Mezzaluna: Half moon, full marks |

Mezzaluna: Half moon, full marks

Wren Wertin

Mezzaluna in Aspen, opened in 1993, is a hotbed of activity. Joe Cosniac and Deryk Cave are two of the partners; they own several restaurants in Colorado and Texas. Mezzaluna’s Vail counterpart, opened this season, shows every sign of being equally successful. The room is a glossy one, filled with granite tables and a large bar. A display pizza oven turns out fresh pies for the often hungry crowd.

“It’s pretty good, we feel lucky,” said Grant Sutherland, co-owner. “We’ve received a lot of positive feedback already. We couldn’t ask for anything more.”

Sutherland is a soccer-coaching, appetizer-loving, Edinborough transplant of a guy with a fine nose for wines and terrific attention to detail. He and three others from the Aspen venue opened the Vail restaurant, including Bryn Lewis, a server. The night we ate there, all the tables were well tended by a variety of servers; Lewis was our waiter. If Mezzaluna had a signature server, surely it would be Lewis. His cottony London accent is so thick you have to concentrate on what he’s saying, making his tables come to attention when he drops by. He knows the menu intimately and has no qualms about making recommendations to the flummoxed diner, never mind the wisecracks.

Mezzaluna’s menu reflects diversity, with an accent on “something for everyone.” The starters alone could fill a person up. The calamari ($11) will certainly be a menu staple. Whoever handles the fryer knows exactly how to work it: the strips of calamari are neither greasy nor chewy, but are tender with a crisp coating. The spicy chili dipping sauce has kick with a bit of sweetness. The blue lump crab cakes ($12) are plump, and come with papaya mustard. One of Sutherland’s favorites is the apple and chicken spring roll ($10.50). The curry peanut dipping sauce is a must, as it adds both flavor and texture to the dish.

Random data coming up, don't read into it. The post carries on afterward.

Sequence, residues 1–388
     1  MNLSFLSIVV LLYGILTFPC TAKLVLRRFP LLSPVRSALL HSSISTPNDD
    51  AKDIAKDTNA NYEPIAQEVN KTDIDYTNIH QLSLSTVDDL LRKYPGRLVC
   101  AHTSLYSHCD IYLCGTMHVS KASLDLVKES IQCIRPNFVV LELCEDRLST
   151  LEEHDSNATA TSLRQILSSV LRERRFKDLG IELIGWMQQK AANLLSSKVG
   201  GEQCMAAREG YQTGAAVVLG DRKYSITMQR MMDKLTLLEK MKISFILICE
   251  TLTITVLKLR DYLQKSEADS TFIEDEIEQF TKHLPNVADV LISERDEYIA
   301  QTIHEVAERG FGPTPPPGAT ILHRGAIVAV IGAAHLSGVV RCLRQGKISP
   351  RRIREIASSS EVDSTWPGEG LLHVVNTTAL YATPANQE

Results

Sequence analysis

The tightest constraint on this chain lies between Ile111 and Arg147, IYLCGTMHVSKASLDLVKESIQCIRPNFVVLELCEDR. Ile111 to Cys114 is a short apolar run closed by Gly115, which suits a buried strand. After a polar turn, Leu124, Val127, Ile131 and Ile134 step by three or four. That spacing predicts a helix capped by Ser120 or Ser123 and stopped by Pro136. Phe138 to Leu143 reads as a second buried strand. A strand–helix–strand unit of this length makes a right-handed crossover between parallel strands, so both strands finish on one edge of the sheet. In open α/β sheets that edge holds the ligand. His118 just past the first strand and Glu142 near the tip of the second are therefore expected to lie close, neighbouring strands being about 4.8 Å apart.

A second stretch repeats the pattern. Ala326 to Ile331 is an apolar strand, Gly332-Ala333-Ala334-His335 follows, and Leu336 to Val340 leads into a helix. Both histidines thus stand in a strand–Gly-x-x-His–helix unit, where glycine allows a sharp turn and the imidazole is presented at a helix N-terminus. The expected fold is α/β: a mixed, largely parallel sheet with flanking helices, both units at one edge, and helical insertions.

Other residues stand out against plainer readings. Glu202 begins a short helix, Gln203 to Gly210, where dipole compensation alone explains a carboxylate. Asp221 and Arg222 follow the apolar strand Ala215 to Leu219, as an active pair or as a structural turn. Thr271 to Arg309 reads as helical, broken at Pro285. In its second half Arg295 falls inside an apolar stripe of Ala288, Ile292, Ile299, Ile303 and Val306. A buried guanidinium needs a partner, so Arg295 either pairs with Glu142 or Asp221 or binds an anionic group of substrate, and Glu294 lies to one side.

The menu is the creation of Clark McDaniels, corporate chef and co-owner. According to Sutherland, McDaniels changes the menu every once in a while. Instead of focusing on typical Italian, he’s brought in some world flavors. The concept for the food is the same concept for the restaurant.

“We just want to be a fun place with a great atmosphere,” said Sutherland. “We’re not too stuffy, but we want to have a great level of service. And great food.”

For entrees, diners have the option of pastas or “big plates.” Don’t be fooled – the pastas are big, too. The penne with rock shrimp ($16.50) is a pleasing combination of perfectly cooked shrimp, diced avocado and tomatoes in a three-citrus cream sauce. It goes beyond the standard alfredo; though just as creamy, it’s not quite as heavy. We also ate the pepper-seared beef tenderloin ($26). Served atop a stack of greens (cabbage) with a heavy dose of gorgonzola sauce, there are wee truffled potato croquettes scattered about the plate. The earthy truffles lend decadence to the already rich dish.

For those wanting lighter options, the peanut-dusted ahi tuna ($25.50) is receiving good reviews, as are the wood-fired pizzas ($12-$15). If you can only have one dessert, order the banana bread pudding without any qualms. Dark and moist, the texture is naughty indeed. The browned sugar flavor gets a bit of depth with a splash of rum, and you will probably be compelled to finish the entire creation, no matter what your stomach has to say about things.

Sutherland and Lewis are both happy to be living in Vail these days, despite their many years in Aspen.

“In Vail, you have your more down to earth people,” said Sutherland. “I think it’s great here.”

Mezzaluna is open daily for lunch, apres and dinner. Reservations are accepted for dinner only, and walk-ins are encouraged. Dress is casual. For more information, call them at 477-4410.

Wren Wertin can be reached via e-mail at or phone at 949-0555 ext. 618.

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